Kidney Transplant Part 1: Bad Legs and Rocket Ships

Kidney Club

Transplant Day June 1st, 2022 (Part 1)

A woman with a thick Bristol twang called me at 8am Friday morning. “We’ve got a kidney for yow my love. Get a big breakfast and ghed on over.”

Grabbed a boiled egg. Undercooked it and stood staring at wet hell. The kind of place evil fish go to. Then Kate cooked me a proper one. Straightened me out as I looked for my shoes.

Diary One Week Before

                                                       Blood Pressure


Not doing well. Edema swelling in my legs savage. Ballooned up like Michelin man. Healthy days seem like they were lived by another person, in another life. I’m horrible and swollen and these fucking leg sores like the top lip of a low rent whore. No Energy. No Sleep. The Nurse came over yesterday and changed me to overnight Dialysis. Four exchanges through the night instead of the four I’m doing through the day, which completely isolates me from Kate and Elin, Peppa pig and the rest of them. Living another life in the same house. Was excited about the overnight machine but brought back down to earth quickly. I’m still suffering from the ‘drain pain’ that sucks at me like an empty milkshake cup when all the fluid comes out. Decided I will have to really exhaust my body every day to get any sleep. Not ideal when I’m already running on very little gas, but no sleep is even worse than that. I’m a bit worried about feeling this shit for the Soapbox Derby next week.

Transplant Day, June 1st, 2022 (Part 2)

For some reason I felt  no emotion when the call came about the transplant. Maybe because any health news I’ve had over the past few years has been bad. ‘Your kidney function is slowly degenerating…The Anemia has set in and you’ll need to self-inject EPO once a week now…that penis is a medical phonomenon sir’ (One of those medical issues is potentially not true). So I walked around my house with my boiled egg and packed an overnight bag with no real belief I’d need it. Because being properly ill turns you into a bit of a pessimist when it comes to ideas about the future and promises of treasure.

Various tests and chats at the hospital. Blood Pressure. Standard. MRSA swabs into the groin and armpits. Delicious. Bristol City fan was a nurse, or the other way round. Nice chat about the good old days when Lee Trundle did kick ups against Leyton Orient and Marvin Elliot ran the midfield. Then he took my blood pressure again before I spoke to the surgeon. Stevey. Quite young. Nice beard. He said ‘two big obstacles in the way of getting this one done tonight.’ Then his phone rang. ‘Right,’ he said, ‘that’s one down.’

“The doner has died so the kidney is on the way.’ Nonplussed, surgical Stevey smiled carefully and got up and left. This is when I realised, not just knew, but truly realised that someone had to die for me to live again.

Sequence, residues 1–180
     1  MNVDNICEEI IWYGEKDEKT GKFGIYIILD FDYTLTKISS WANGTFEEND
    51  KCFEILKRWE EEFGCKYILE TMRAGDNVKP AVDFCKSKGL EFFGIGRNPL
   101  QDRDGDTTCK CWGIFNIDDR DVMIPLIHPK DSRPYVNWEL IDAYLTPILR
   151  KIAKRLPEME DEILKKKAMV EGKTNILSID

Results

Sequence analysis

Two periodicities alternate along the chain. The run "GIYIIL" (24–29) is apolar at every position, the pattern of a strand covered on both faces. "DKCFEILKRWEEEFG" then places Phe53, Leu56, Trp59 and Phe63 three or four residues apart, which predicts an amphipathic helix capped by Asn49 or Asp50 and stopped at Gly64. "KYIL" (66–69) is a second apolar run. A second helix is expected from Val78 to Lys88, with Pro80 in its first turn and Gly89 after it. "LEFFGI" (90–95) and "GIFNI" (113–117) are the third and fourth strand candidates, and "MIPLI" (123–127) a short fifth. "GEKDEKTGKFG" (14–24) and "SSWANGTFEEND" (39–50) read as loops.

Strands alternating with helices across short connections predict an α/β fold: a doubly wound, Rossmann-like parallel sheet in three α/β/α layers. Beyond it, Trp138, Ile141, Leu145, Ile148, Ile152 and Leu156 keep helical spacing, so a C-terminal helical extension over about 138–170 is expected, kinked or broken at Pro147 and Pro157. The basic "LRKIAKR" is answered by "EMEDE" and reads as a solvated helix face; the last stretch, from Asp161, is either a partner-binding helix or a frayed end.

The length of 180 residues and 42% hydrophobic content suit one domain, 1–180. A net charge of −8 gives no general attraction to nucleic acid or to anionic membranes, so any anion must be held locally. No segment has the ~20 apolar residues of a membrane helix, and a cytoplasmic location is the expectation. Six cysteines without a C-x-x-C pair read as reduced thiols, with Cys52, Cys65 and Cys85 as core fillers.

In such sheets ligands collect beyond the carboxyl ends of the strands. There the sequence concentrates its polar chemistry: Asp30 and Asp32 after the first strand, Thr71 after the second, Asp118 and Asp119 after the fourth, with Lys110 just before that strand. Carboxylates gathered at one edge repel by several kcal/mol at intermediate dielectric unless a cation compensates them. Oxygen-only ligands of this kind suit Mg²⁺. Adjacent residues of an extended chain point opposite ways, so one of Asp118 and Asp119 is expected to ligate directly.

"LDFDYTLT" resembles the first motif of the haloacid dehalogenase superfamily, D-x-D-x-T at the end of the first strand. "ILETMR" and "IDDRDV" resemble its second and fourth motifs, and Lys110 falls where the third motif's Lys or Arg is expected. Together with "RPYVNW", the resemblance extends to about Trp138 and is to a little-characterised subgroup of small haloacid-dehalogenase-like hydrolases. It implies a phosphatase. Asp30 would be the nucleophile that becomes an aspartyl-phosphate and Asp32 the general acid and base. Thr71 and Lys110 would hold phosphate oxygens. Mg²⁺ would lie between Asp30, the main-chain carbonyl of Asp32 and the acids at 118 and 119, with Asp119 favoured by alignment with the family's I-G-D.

By 11pm I was heading into theatre. Nerves for the first time, crashing into the hospital bed and barrelling along the corridor. You are right in reality now. The place where real truth lives and every before and after evaporates. The same as when the whale music is drowned out by your screaming girlfriend and the great lens of life starts focussing on NOW. All I could hear this time, though, was my brain questioning if the painkillers would work or if I’d just be sitting there while they sliced me open. Holding the scalpel for Stevey while he brushed his teeth and freshened up before the big game. Strange really, to wonder that as I was twisting through the corridors on the bed, pushed by the tattooed skinhead who knew everyone. Just another genuine worry of a nonsensical fear. Something having a rare disease makes you a ‘bit of an expert’ in, as Daddy Pig would say.  

In theatre, Stevey is behind a curtain playing with the kidney with his mate. The anaesthetist is a skinny lad with circular glasses and legs like hosepipes connected into a tiny boiler body. He is trying to work out which way round the bed goes with the nurse. Up and down they push and twist while I stand their in my gown, trying not to look at the shiny sharp things. I feel strangely put at ease by this mix of anxious competency. The true character of all good drug pushers. Then I hear the music and Stevey pokes his head round the corner. I’m lying down now and Insane in the Membrane drifts across the ether. Cypress Hill. I laugh and my feet jig side to side out of the tight blanket. God bless you 90s Hip Hop. Stevey appears again and says “Best Hip Hop Tune of All time…Discuss.” I have no capacity to say anything smart. I kind of snort and he says.

‘I’ll ask you tomorrow.’

Then he comes over into my eyeline and in front of the ceiling lights.

“Right then, the kidney has two arteries. More complicated than we thought but nothing we haven’t done before.’

Then he leaves and the great circular glasses of the drug pusher are above me.  

‘You’re going to feel a warm feeling,’ he says. The gas mask elastic twangs and a cold rush goes up through my arm and into my head like a rocket ship. It takes hold and I close my eyes and try to ride it out to Neverland like I used to. Up, Up, Up and away. Like that time I left my body back in the little hut at the Black Swan, sailing out into the cold dark air, watching that silhouette of me back there on land.

‘Please open your eyes sir,’ his metal voices says.  ‘So we can tell if you are still with us.”

Back in the room but not for long. Not for long at all.